Published: 2021-04-01 19:44
Last Updated: 2021-04-11 04:47
The Director of the WHO Regional Office for the Eastern Mediterranean Ahmed al-Mandhari said the organization is still detecting a ‘worrying trend’ regarding the number of people infected with COVID-19 in the Eastern Mediterranean Region, which includes 22 countries.
Mandhari added that the 14 countries reported a significant increase in the number of new coronavirus cases over the past week.
During the virtual press conference held by the Regional Office with the participation of UNICEF's Regional Director for the Middle East and North Africa (MENA) Ted Chaiban, said that Jordan, Iran and Iraq have reported the largest number of new cases, while Jordan, Iran and Pakistan have reported the largest number of COVID-19 deaths.
He explained that there are several factors that contribute to the increase in the number of new cases including the fast spreading new virus mutations.
With both Ramadan and Easter fast approaching , Mandhari warned "There is a risk that we will continue to see more increases in cases and deaths, like what happened at the end of last year during the holidays," pointing out that social contact increases during the holidays and there is a lack of compliance with public health instructions.
Regarding COVID-19 vaccines in the region, he explained that more than 23 million doses have been given to 20 different countries in the region. Additionally, 12 countries in the region received vaccines through the COVAX initiative, the most recent of which is Egypt and Yemen, both of which received their first shipments Wednesday.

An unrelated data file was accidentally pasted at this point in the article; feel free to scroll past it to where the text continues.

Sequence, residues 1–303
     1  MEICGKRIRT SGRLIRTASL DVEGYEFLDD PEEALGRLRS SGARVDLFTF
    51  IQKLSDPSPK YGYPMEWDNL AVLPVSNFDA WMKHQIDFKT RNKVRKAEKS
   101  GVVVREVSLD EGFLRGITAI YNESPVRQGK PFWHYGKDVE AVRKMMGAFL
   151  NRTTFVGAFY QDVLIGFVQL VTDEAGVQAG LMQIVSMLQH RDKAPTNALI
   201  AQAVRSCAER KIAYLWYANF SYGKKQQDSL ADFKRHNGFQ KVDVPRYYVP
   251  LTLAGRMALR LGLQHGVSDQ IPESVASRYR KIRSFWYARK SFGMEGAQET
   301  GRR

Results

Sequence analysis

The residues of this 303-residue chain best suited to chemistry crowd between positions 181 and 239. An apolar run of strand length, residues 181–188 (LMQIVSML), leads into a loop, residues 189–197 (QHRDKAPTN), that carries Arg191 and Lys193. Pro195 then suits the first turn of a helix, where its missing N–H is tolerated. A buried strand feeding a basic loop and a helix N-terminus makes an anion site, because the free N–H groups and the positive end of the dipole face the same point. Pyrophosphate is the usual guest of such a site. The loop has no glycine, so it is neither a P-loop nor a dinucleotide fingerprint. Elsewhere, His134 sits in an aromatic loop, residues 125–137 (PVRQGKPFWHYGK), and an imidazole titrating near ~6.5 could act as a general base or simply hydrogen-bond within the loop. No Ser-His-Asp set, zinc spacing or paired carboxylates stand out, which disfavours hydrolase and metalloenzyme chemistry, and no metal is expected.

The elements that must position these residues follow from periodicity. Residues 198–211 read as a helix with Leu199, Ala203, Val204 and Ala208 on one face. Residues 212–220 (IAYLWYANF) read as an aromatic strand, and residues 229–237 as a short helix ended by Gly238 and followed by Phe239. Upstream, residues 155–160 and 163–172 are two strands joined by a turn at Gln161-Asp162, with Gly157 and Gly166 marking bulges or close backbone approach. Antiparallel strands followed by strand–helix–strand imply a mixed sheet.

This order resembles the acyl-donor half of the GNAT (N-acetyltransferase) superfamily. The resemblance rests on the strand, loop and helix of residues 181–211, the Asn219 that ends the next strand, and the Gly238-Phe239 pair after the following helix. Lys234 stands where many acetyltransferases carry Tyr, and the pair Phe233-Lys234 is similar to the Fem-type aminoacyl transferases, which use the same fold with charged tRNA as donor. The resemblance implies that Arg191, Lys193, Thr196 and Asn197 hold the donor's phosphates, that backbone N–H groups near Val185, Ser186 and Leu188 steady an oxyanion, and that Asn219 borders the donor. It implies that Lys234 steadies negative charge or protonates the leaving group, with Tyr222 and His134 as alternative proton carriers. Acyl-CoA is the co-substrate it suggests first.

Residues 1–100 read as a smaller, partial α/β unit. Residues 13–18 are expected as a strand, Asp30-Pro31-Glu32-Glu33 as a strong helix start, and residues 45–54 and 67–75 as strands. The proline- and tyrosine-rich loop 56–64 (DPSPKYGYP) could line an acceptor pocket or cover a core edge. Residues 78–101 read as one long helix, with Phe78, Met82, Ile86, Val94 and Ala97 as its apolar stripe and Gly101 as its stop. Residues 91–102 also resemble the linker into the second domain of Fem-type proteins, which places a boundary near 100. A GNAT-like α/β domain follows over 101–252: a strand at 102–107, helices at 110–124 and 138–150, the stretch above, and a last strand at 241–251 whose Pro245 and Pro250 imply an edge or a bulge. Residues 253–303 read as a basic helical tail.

Regarding the global shortage of vaccines, which led to delays in providing tens of millions of doses through the COVAX initiative, he called on rich countries, in the region and across the world, to give some of their excess doses to countries that need them.
In response to Jordan News Agency Petra's question about the organization’s ability to achieve its goal of vaccinating 20 percent of the region’s population by the end of 2021 through the COVAX initiative, Mandhari said that there are many challenges. These challenges include logistical challenges, manufacturing challenges and difficulties training healthcare workers amongst other things. He noted that the biggest challenges is "competition for the purchase of vaccines by financially able countries."
Mandhari said "There is no winner in this competition. We need to provide the COVAX initiative with more doses of vaccines, so that we can ensure that all countries are able to vaccinate their priority groups."
UNICEF Regional Director pointed out that the organization has provided more than three million doses of COVID-19 vaccines, on behalf of the COVAX initiative, to 10 countries in the MENA region. These countries include Djibouti, Egypt, Iraq, Jordan, Lebanon, Morocco, Palestine, Sudan, Tunisia and Yemen.
He said that the challenges of COVID-19 vaccination are not specific to the MENA region, but are global problems and need global solutions.
Chaiban called on the private sector to step forward and partner with the COVAX initiative to help increase the equitable distribution of vaccines. He also called on vaccine manufacturers to grant licensing and contracts for manufacturing, and share technology and knowledge with other vaccine manufacturers, without restrictions on manufacturing size or geographic location.
He stressed the importance of the media’s role in spreading accurate and reliable information, building confidence in COVID-19 vaccines, combating misinformation about coronavirus as well as the safety and effectiveness of vaccines, which he says is 'extremely essential'.